Monticello Student Forms Nonprofit for Period Products


Smith is looking for all products, such as these tampons

Olivia Moore

Grace Smith, a junior at Monticello High School, is always trying to help the community.


Smith was recently inspired to create Ready Girls, a nonprofit organization that collects and distributes period products throughout Albemarle County. “Last year, I was in this health advocacy club at Monticello, and we did a hygiene drive. Upon doing that, we noticed that there’s such a need for that in that community. That inspired me to want to do something more sustainable than just one drive, kind of like an ongoing fundraiser leading into the community,” she explained.

This mission would help many girls in this community. One study in Obstetrics & Gynecology found that 64% of women in the US have had trouble paying for period products, and 21% experience difficulties monthly. 

Smith agrees that this is an issue that needs to be resolved. “I think specifically in our county, there’s a very big socio-economic difference between people that are very well-off and people that really struggle to have the money for small things, even just period products. So I think it’s helpful to provide everyone kind of the same opportunity to do well in school and not be distracted by that,” she said.

Other people in the community agree that this is an important mission.

Laine Cooper, a freshman at WAHS, agrees that free female hygiene products in schools are very useful. “Period products are a necessity for every girl and some of them may not be able to afford them or have them available at home,” she said. 

Unfortunately, this will not be an easy task. Smith, along with her partners, needs to get the word out about their goal. There are logistical roadblocks that need to be worked out.

Recently, Smith ran a small drive to spread the word. Smith explained how Ready Girls will handle donations, “Right now, we’ve just gotten the first round of donations, and we haven’t distributed them yet. So we’re just holding them and we’ll coordinate with the nurses and we’re going to distribute them to different middle schools and high schools in the county,” Smith said. 

Although Ready Girls is a new drive, its mission is timeless. However, in a few years, Smith will graduate high school, and she will no longer be at Monticello to carry out the drives.

“I’m going to try and find someone or multiple people to kind of take it from me once I’ve gone and hopefully they will be able to pass it on, so it can continue,” Smith assured.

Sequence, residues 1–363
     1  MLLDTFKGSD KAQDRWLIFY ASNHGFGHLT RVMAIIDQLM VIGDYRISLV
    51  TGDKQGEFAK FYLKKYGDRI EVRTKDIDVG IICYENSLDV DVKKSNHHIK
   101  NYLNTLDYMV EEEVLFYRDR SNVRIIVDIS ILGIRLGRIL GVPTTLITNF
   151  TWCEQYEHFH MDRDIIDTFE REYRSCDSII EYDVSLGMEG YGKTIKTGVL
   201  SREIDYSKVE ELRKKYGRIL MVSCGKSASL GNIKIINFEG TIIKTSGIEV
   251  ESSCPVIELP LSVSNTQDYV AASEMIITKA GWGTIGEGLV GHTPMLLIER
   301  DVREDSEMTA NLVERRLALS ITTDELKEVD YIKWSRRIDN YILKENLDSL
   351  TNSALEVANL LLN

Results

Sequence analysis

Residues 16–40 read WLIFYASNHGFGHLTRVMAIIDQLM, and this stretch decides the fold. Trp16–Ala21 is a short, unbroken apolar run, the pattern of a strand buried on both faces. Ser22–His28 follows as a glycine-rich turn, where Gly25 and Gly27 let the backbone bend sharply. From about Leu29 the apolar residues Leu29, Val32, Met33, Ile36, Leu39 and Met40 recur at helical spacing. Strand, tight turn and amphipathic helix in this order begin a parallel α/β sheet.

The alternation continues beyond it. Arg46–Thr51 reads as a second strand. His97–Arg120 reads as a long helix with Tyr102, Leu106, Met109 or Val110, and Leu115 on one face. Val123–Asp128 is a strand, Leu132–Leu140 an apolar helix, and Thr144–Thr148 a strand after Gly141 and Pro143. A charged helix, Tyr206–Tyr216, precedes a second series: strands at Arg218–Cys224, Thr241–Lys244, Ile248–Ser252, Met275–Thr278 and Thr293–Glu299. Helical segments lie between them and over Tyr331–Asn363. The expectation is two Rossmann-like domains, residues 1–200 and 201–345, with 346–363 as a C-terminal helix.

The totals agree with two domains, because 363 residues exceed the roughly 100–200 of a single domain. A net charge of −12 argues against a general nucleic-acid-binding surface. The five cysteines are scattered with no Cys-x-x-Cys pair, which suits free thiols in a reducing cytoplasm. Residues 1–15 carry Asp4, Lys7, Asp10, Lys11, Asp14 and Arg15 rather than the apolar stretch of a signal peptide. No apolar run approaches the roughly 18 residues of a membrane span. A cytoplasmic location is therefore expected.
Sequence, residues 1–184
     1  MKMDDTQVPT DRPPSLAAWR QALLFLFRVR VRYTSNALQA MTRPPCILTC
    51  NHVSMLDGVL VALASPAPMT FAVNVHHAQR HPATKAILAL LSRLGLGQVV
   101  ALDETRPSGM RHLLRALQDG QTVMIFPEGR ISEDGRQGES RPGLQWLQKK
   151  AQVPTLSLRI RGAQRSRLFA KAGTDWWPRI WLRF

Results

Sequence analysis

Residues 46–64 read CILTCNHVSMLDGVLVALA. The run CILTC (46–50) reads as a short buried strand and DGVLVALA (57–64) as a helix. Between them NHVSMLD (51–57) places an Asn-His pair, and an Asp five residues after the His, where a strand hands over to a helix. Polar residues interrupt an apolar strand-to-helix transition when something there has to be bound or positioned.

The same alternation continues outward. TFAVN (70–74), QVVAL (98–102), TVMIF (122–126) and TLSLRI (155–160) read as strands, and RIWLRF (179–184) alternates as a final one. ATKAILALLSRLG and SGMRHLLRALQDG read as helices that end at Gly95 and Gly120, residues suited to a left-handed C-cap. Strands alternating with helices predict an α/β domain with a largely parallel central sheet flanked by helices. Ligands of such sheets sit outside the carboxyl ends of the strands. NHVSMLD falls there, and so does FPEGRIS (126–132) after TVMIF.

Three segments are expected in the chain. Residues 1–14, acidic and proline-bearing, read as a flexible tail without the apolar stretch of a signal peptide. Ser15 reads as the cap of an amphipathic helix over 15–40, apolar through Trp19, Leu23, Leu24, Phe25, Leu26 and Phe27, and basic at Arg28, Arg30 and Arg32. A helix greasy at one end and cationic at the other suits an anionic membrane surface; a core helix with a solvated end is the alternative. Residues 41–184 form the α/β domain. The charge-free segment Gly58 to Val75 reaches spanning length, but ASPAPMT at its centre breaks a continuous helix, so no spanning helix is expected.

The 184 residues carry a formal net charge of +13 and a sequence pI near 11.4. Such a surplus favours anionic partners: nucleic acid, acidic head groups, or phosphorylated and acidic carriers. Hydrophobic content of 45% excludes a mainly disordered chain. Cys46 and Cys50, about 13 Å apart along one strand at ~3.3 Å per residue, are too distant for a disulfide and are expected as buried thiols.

Current high school students are not alone in their struggles with Period Products. Western teachers and staff have experienced period-related problems for years

Pam Wood, the Western school nurse, shared her own unpleasant experiences with period products. “When I was a student, I went here back in the 80s. I graduated in 84 from Western and back then they had the old machines, the coin-operated machines, and when we didn’t have quarters it prevented you from getting anything. It was embarrassing, too, because I’ve had things spill out of my purse and got teased or whatnot. So yes, it’s been an issue when I was growing up,” she said.

Although Ready Girls will benefit many schools across the county, Western already has its own supplier, according to Wood.

“We have a partnership with the Crozet United Methodist Church that supplies us with tampons and pads, assorted sizes for the students and we have a good amount of them,” she said. The products can be found in a small bathroom inside the nurse’s office. 

Though Western is lucky to have the Church as a donator, not all schools have this benefit. Even if they do have a small assortment of products, sometimes it’s not enough for the unpredictabilities of menstruation.

Smith will be accepting any donations, “[We want] pretty much anything because people like a wide variety. That’s one of the main things we’re doing because they [nurses] provide one standard size for everything at school. So it kind of helps girls to pick and choose what they might need specifically,” Smith said.

This organization is set to last for a while, however, for the time being, Smith has one goal, “One long-term goal I have is to have started having fundraisers every May that will be able to provide products for the next year, and also kind of to expand it to different schools, so I’ll have representatives and people who can reach each school. So I think that would be really cool to get countywide,” Smith said, explaining her ultimate plan: to have a major fundraiser every May. 

All in all, Ready Girls is a nonprofit intent on helping those in need, and it’s important to document its impact on Albemarle County.